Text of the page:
One of the culture keys, and a cornerstone to how people interpret culture, is how disagreement and team conflict are managed. It has a great deal to do with how people feel safe in a culture, including their experience of what is acceptable and safe behavior, and what is considered unacceptable and unsafe. More than at any other moment in time, people learn about the culture they’re in when they experience conflict.
One of the questions that Thomas Lockwood and I asked when researching our book Innovation by Design focused on the influence that the use of design thinking has on how people manage disagreement and conflict. This ended up providing us one of the key attributes consistent across our study group organizations,
We ended up five insights that stood out as being the most significant:
- Design thinking provides an effective tool for confronting and managing disagreement and conflict.
- Organizations using design thinking have a belief in and positive mindset about curiosity.
- People who use design thinking demonstrate better inquiry and listening skills, which is the key to effectively managing disagreement and conflict.
- Because design thinking skills can be applied to dealing with disagreement and conflict, confrontation happens in a more timely and healthier manner, thereby avoiding much of the dysfunction and consequences associated with it.
- Design thinking is a valued process for confronting disagreements and misalignments among functions, and their leaders, and effectively breaking down unhealthy silos.
One of the greatest challenges any organization or team will face lies in how it effectively manages disagreement and conflict.
The process of design thinking creates a platform for the constructive management of diverse thinking and strategies, and the conflict that often naturally results. Viewing disagreement and conflict as an opportunity is a quality design thinking organizations can engage in. It’s an aspect of creativity and innovation that is natural to any environment in which people are committed to finding and creating the best solutions possible.
Team Conflict, Competition and Creativity
When managed properly as part of an organization’s culture, the commitment to viewing team conflict and disagreement as an opportunity for creativity can be leveraged as a means to drive more innovative solutions to market. When teams compete with one another, it can also add to the speed at which innovation takes place.
A good example of such an environment is at some of the Samsung research and design centers. Here, several design thinking teams are established to work on the same challenges, at the same time. The teams work independently, don’t communicate with one another, and often don’t even know about the work of other teams. Their goal is to use design thinking to discover new products and services needs and solutions within a specific domain. This does not appear to be a case of lack of management coordination, but rather a case of putting more resources into solving a given problem area to increase the probability of success.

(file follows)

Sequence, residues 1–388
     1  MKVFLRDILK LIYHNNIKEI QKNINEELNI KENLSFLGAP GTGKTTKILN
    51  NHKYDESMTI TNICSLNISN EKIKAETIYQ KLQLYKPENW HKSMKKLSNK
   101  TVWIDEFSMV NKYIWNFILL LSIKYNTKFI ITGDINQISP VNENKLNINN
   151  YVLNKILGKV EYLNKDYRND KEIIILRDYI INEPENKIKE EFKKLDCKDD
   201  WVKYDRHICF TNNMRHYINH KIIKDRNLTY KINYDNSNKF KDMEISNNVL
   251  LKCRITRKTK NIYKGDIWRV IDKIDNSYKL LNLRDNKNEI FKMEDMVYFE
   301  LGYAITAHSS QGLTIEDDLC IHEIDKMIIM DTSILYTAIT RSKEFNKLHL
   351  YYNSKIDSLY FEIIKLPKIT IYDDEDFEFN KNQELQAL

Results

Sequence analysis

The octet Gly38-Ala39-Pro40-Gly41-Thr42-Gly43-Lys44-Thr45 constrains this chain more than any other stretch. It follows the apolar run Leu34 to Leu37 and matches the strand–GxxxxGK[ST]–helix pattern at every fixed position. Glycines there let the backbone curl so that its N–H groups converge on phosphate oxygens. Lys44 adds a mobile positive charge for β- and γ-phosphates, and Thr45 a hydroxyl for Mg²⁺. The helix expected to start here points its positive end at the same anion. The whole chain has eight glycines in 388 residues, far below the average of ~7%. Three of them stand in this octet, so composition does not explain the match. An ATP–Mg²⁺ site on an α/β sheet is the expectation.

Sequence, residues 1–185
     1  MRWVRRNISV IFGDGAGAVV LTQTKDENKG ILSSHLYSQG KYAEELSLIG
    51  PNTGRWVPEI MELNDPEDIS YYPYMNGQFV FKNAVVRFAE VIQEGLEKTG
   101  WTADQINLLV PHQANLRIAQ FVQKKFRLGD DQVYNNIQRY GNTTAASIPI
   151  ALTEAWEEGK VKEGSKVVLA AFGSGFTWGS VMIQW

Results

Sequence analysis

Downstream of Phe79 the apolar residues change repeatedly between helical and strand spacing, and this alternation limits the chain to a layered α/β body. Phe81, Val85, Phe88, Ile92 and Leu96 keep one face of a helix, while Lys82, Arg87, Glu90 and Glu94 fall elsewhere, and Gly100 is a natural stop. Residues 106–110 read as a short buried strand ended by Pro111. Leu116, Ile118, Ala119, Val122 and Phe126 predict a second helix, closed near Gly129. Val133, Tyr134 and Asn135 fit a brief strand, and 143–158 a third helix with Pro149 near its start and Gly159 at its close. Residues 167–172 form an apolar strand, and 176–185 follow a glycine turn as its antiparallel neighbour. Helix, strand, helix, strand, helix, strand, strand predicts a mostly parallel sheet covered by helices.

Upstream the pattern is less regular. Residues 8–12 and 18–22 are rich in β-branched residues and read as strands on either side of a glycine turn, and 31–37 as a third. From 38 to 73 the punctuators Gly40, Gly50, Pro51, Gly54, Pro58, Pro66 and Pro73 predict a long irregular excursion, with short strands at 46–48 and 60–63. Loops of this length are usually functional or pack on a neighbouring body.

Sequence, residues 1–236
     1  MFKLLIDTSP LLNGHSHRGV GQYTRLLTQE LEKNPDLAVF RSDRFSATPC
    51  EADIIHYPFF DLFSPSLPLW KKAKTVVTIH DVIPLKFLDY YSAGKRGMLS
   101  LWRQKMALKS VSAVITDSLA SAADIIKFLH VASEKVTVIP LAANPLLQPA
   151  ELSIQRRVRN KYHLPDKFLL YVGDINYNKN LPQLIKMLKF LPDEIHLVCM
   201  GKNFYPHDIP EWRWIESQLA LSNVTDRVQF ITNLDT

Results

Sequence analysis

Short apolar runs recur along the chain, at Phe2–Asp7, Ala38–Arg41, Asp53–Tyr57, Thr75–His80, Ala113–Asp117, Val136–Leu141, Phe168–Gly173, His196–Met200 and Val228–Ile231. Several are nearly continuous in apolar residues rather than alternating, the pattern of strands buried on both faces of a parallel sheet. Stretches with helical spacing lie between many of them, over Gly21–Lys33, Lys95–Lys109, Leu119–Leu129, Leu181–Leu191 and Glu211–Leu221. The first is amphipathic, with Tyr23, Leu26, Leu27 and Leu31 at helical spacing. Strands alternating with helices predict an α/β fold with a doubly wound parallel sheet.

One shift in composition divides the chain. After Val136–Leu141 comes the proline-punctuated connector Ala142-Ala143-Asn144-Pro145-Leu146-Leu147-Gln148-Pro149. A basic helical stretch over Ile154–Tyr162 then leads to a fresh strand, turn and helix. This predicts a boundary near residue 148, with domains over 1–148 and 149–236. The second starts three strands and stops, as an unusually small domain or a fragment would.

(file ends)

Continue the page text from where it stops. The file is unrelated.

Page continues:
In this environment, internal design thinking team competitiveness is encouraged, and it seems quite practical in that corporate culture. This may be one of the reasons Samsung innovation seems to be far outpacing Apple innovation in recent years.
Although internally competing groups and teams—when clearly articulated as part of an organization’s culture and led in a healthy manner—can provide a great benefit, it can also backfire, leading to a lack of information sharing and unwarranted redundancy and duplication. It can also result in a more critical win-lose environment or the bringing to market of products not fully realized. Despite some hiccups along the way, Samsung has used this approach with a great deal of success.
Developing Conflict-Management Skills
As leaders show a willingness to support the teaching of design thinking skills to their employees, they soon become aware of the benefit they get from its use as a team conflict management tool. This includes paying more attention to the development of communication and conflict skills that support its success.
Because design thinking is a way of leading with curiosity, it encourages embracing ambiguity, uncertainty, and confusion. In doing so, people come to understand the value of listening to one another, allowing for the creative process of building one idea upon another. It also feeds the ability of people to move from a reliance on individual creativity and contribution, to behaving more collaboratively and engaging in shared creativity.
The skills of listening and seeking understanding are key to empathy, the first step in the design thinking process.
Genuine inquiry and open listening are paramount for users of design thinking to be successful and, as the result of lessened levels of fear, leads to the increased levels of emotional maturity and safety that directly impact how conflict is constructively managed. The result of lesser levels of fear translates into the free expression that leads to the ability of people to engage in the idea generation that feeds the process of co-creation.
When applied to conflicts, design thinking results in greater openness and faster generation of ideas, better feedback loops, and less competition over whose idea is better.
Edgar Papke is the co-author of Innovation By Design and author of True Alignment and The Elephant In The Boardroom. He helps leaders and their organizations align to create greater levels of innovation, performance, and fulfillment. He can be reached by email: firstname.lastname@example.org